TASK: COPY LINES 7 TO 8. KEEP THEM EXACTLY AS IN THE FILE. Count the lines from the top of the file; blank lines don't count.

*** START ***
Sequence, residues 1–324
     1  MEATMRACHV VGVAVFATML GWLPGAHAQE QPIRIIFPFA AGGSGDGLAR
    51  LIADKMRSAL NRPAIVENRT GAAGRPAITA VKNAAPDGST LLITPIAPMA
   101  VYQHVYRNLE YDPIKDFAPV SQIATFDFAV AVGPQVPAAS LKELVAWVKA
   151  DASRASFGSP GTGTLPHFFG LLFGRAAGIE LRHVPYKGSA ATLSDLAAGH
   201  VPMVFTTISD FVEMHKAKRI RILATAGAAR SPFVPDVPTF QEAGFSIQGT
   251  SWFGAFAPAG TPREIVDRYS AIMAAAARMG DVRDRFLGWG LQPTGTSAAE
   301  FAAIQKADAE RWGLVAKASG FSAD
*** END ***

   251  SWFGAFAPAG TPREIVDRYS AIMAAAARMG DVRDRFLGWG LQPTGTSAAE
   301  FAAIQKADAE RWGLVAKASG FSAD